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Customer reviews

4.8 out of 5 stars
4.8 out of 5 stars

on 29 September 2017
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on 23 September 2017
as expected
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on 12 September 2017
Really good. I like dancing to Concerto for Orchestra.
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on 8 December 2004
With one of the largest back catalogues in the business, why did Decca choose these 1981 recordings of Bartok for reissue? It's simply because they haven't been bettered, and I don't believe they ever will: During its time under the exacting Georg Solti the Chicago Symphony Orchestra attained a position as a world-class band, bearing easily all comparisons with Berlin and Vienna. When conducting Hungarian music Solti, who had been a pupil of Bartok's, always demonstrated a special authority. This shines through in the precision, eloquence and sheer expressiveness of these performances.
The Decca sound engineers of the time were the best in the business and they were well placed to take advantage when the new digital recording technology came along. It's hard to believe, listening today, that this would have been one of the earliest commercial pressings using the technique. Their trick was to capture the full power of the orchestra, whilst allowing individual instruments to be heard in their natural positions and at a believable dynamic - "close miking", with its unnatural sound levels in the quiet passages, was never detectable. The relationship between the instruments, both spatially and in volume, always sounded so authentic, but no detail was ever missed. Sadly, modern recordings just aren't as good!
I was happy to pay full price for these CDs when they first came out. Now you get both of them together as a mid-price offering. What are you waiting for?
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on 30 November 2008
Georg Solti was a wonderful interpreter of Bartok as a conductor (though a dreadful one as a pianist!) All of these recordings are from late in his career, I think the earliest is from 1980. You will hear some so called experts say his LSO recordings from the 1960s are better, don't listen. Hearing these recordings, it is as if Solti's entire life experience of conducting these masterpieces has been distilled into that moment. Essential.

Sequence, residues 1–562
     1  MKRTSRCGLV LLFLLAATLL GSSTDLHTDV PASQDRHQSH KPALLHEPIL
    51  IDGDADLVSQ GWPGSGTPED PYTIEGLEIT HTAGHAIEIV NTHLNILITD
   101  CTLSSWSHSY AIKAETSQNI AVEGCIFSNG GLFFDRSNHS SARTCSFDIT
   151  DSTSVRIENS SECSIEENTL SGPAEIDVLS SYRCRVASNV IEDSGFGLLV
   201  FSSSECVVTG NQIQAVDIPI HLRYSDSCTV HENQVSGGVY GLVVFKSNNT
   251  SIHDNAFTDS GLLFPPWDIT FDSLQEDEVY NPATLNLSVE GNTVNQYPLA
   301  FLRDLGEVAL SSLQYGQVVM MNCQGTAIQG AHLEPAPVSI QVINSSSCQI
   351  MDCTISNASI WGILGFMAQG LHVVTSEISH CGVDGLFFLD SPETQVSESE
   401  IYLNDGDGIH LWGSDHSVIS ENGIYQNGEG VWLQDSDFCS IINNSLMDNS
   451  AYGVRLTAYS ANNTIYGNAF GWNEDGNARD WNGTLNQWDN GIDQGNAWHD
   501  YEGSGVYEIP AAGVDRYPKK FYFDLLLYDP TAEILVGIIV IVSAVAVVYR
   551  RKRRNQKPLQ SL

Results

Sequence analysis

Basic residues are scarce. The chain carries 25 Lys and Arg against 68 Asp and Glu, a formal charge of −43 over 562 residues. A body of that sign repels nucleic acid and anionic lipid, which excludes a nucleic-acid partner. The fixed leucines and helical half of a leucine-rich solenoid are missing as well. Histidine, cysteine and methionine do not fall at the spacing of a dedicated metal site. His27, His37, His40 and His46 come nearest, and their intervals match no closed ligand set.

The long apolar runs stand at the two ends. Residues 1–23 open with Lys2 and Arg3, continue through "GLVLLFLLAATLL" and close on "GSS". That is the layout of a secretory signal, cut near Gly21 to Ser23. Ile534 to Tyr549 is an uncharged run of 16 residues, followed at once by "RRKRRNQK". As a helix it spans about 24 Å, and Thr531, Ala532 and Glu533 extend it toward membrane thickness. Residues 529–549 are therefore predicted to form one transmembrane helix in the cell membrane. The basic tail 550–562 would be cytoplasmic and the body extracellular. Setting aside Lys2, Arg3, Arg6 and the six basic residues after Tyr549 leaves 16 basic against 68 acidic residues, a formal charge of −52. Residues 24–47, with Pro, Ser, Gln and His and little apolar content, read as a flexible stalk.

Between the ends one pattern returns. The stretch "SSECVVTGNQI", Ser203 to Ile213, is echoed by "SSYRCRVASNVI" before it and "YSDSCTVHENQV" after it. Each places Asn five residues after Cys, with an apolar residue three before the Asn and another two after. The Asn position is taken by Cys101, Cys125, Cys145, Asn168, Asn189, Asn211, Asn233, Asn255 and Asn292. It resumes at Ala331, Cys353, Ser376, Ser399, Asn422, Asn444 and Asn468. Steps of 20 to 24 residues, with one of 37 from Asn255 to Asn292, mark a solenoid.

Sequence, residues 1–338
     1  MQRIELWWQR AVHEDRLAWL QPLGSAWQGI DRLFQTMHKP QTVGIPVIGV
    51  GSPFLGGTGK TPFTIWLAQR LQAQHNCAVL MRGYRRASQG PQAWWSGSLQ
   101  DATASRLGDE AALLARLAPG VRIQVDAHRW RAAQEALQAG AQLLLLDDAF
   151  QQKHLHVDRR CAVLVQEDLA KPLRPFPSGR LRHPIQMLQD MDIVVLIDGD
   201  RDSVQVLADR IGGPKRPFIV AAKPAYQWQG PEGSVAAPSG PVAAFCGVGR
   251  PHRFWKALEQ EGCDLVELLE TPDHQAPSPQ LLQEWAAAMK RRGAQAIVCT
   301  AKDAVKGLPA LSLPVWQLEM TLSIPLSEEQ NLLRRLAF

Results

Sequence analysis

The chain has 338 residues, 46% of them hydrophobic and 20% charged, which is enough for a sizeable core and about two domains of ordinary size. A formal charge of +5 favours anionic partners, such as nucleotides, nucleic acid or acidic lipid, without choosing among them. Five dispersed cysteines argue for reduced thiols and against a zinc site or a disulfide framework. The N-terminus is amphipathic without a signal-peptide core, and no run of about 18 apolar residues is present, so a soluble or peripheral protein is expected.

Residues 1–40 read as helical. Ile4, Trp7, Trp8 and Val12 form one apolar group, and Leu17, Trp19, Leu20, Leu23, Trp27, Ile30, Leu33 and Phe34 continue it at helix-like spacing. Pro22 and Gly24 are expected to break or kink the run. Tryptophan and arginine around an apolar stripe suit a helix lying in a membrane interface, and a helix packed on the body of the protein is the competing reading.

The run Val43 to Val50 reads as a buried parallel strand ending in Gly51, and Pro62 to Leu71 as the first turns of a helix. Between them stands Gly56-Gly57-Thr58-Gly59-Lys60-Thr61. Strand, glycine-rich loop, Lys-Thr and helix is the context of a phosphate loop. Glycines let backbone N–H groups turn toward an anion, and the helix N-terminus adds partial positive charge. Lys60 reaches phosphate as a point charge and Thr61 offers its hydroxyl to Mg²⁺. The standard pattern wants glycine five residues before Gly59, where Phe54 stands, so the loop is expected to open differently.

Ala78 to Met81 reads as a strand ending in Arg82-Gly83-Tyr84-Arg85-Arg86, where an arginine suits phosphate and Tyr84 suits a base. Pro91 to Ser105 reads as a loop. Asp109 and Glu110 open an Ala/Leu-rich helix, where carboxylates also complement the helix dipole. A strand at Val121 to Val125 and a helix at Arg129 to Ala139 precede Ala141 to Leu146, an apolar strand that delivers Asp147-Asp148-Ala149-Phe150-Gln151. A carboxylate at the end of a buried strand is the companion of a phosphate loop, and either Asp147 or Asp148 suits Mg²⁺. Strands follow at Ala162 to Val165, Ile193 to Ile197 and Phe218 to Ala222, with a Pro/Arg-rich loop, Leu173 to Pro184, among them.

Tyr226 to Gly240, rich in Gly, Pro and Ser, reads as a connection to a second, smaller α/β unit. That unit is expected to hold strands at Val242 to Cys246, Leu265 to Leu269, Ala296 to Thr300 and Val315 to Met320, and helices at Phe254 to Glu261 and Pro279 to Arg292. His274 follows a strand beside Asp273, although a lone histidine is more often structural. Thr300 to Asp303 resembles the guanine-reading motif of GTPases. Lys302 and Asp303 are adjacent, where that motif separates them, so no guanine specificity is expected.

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HALL OF FAMETOP 50 REVIEWERon 17 December 2012
This two disc set, recorded in the 1980's, gathers together arguably the key Bartok non-piano works for orchestra in a very convenient package. Every one of these performances has reason to be considered to be one of the very finest if not the finest recordings made over the last 20 years or so.

Georg Solti, as an Hungarian, was naturally in sympathy with the Bartok idiom and thus we have unusually sympathetic interpretations of these works. The Chicago orchestra since Reiner's day has always been considered one of the finest orchestra in the States with arguably the most European sound. Their recording of the Concerto for Orchestra with Reiner is still considered to be an outstanding example of performance and recording combined. In this case the orchestra under Solti are able to match Reiner's achievement with the further advantage of more modern sonics. The main difference, interpretively, between the performance and Solti's earlier one with the LSO concerns the Tempo chosen for the 'couples' movement which Solti feels is more in line with Bartok's wishes in this CSO recording.

The two sets of dances are both ideal and the Dance Suite is played with brilliance and understanding. My personal preference for this piece is, once more, the predecessor with the LSO which seems to have an element of humour missing in this rather more driven account. At this point it may be worth mentioning that Decca have issued the earlier Bartok/LSO disc with Solti in their 24 bit remastered 'legends' series which suggests that they too, feel that the earlier recording has something special to say.

The Music for Strings, Percussion and Celesta is wonderfully played, the best I have heard and the Miraculous Mandarin leaves little to be desired other than the whole ballet which is musically more satisfying being less truncated at the start and finish. The whole ballet is well served by Abbado's recording. The Divertimento is yet another wonderful performance if not entirely erasing the entirely Hungarian performance by Rolla and his orchestra on another fine Bartok disc. That offers less hard-driven performances giving an alternative view of Bartok which I find equally noteworthy and sympathetic.